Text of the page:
(equal (binary-+ '3
                 (binary-+ (expt a n) (foo a c)))
       (binary-+ (bar b) (expt a n))).

When ACL2 attempts to apply cancel-matching-addends-equal to the term under discussion, it first forms a substitution that instantiates the left-hand side of the conclusion so that it is identical to the target term. This substitution is kept track of by the substitution alist:

((LHS . (binary-+ '3
                   (binary-+ (expt a n) (foo a c))))
 (RHS . (binary-+ (bar b) (expt a n)))).
ACL2 then attempts to relieve the hypotheses in the order they were given. Ordinarily this means that we instantiate each hypothesis with our substitution and then attempt to rewrite the resulting instance to true. Thus, in order to relieve the first hypothesis, we rewrite:
(RATIONALP (binary-+ '3
                      (binary-+ (expt a n) (foo a c)))).
Let us assume that the first two hypotheses rewrite to t. How do we relieve the bind-free hypothesis? Just as for a syntaxp hypothesis, ACL2 evaluates (find-match-in-plus-nests lhs rhs) in an environment where lhs and rhs are instantiated as determined by the substitution. In this case we evaluate
                                      (binary-+ (expt a n) (foo a c)))
                          '(binary-+ (bar b) (expt a n))).
Observe that, just as in the case of a syntaxp hypothesis, we substitute the quotation of the variables bindings into the term to be evaluated. See syntaxp for the reasons for this. The result of this evaluation, ((X . (EXPT A N))), is then used to extend the substitution alist:
((X . (EXPT A N))
 (LHS . (binary-+ '3
                   (binary-+ (expt a n) (foo a c))))
 (RHS . (binary-+ (bar b) (expt a n)))),
and this extended substitution determines cancel-matching-addends-equal's result:
(EQUAL (+ (- X) LHS) (+ (- X) RHS))
(EQUAL (+ (- (EXPT A N)) 3 (EXPT A N) (FOO A C))
       (+ (- (EXPT A N)) (BAR B) (EXPT A N))).
Question: What is the internal form of this result?
Hint: Use :trans.

When this rule fires, it adds the negation of a common term to both sides of the equality by selecting a binding for the otherwise-free variable x, under programmatic control. Note that other mechanisms such as the binding of free-variables may also extend the substitution alist.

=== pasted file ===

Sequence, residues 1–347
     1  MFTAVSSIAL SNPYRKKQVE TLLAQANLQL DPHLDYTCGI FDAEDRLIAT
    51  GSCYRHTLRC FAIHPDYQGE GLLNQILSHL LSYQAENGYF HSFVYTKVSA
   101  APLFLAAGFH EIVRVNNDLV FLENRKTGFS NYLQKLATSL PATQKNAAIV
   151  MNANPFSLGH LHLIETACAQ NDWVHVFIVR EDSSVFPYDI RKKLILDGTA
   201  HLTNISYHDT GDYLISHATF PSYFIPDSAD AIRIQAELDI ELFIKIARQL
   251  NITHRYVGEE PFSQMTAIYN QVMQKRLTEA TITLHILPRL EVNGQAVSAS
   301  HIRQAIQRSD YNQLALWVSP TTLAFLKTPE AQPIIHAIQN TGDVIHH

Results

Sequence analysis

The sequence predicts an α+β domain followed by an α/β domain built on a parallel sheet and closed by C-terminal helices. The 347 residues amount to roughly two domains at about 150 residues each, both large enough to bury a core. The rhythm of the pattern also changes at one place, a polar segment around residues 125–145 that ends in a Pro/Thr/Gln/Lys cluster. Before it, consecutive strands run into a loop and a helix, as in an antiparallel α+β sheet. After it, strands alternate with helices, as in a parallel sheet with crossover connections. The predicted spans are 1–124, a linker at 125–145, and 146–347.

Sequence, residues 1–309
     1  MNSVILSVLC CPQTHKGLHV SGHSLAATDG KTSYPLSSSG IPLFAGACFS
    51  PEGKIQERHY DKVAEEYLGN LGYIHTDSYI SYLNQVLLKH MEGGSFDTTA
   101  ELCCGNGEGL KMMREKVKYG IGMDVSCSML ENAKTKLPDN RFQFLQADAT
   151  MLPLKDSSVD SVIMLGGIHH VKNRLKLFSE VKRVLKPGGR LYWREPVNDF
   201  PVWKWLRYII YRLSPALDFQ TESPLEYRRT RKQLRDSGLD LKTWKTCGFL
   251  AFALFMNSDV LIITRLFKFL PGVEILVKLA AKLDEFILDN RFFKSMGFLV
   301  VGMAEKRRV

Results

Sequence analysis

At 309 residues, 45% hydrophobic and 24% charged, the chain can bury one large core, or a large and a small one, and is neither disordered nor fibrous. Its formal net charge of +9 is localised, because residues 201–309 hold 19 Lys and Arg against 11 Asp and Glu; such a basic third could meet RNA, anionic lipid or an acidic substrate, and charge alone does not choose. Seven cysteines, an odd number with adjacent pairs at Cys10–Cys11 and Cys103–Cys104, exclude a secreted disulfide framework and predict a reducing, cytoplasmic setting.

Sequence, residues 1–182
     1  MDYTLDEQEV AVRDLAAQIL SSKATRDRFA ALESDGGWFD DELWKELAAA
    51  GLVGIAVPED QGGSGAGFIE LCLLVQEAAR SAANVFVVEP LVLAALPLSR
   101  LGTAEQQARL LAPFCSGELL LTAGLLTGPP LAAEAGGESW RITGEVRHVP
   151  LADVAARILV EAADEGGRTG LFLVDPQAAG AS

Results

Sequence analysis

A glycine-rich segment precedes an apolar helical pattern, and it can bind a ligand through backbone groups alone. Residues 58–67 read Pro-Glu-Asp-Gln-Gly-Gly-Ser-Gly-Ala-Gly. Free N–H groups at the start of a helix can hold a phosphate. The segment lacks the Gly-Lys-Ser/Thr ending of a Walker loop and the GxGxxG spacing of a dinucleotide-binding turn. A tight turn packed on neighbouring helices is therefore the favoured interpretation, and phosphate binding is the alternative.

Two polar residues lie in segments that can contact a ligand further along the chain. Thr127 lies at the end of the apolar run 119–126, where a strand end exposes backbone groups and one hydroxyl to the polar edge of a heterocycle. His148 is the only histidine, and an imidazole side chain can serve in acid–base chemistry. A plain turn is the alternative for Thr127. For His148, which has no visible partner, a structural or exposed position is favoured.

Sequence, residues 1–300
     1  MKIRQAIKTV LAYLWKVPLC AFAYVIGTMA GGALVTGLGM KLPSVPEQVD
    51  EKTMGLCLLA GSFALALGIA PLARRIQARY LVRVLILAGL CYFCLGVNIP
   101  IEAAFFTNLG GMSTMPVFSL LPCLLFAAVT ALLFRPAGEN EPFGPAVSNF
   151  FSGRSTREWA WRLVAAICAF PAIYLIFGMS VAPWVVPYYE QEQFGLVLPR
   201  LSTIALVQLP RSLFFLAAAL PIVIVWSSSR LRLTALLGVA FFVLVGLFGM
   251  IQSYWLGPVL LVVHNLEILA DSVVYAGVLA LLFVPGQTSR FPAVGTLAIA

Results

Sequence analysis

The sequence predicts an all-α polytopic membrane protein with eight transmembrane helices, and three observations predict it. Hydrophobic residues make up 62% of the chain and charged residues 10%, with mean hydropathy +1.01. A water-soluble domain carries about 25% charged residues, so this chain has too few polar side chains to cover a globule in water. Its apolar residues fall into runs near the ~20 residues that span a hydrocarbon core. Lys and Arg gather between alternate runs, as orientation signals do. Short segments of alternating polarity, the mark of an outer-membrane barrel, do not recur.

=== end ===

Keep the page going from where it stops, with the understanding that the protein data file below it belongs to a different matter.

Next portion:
Just as for a syntaxp test, a bind-free form signals failure by returning nil. However, while a syntaxp test signals success by returning true, a bind-free form signals success by returning an alist which is used to extend the current substitution alist. Because of this use of the alist, there are several restrictions on it -- in particular the alist must only bind variables, these variables must not be already bound by the substitution alist, and the variables must be bound to ACL2 terms. If term returns an alist and the alist meets these restrictions, we append the alist to the substitution alist and use the result as the new current substitution alist. This new current substitution alist is then used when we attempt to relieve the next hypothesis or, if there are no more, instantiate the right hand side of the rule.

There is also a second, optional, var-list argument to a bind-free hypothesis. If provided, it must be either t or a list of variables. If it is not provided, it defaults to t. If it is a list of variables, this second argument is used to place a further restriction on the possible values of the alist to be returned by term: any variables bound in the alist must be present in the list of variables. We strongly recommend the use of this list of variables, as it allows some consistency checks to be performed at the time of the rule's admittance which are not possible otherwise.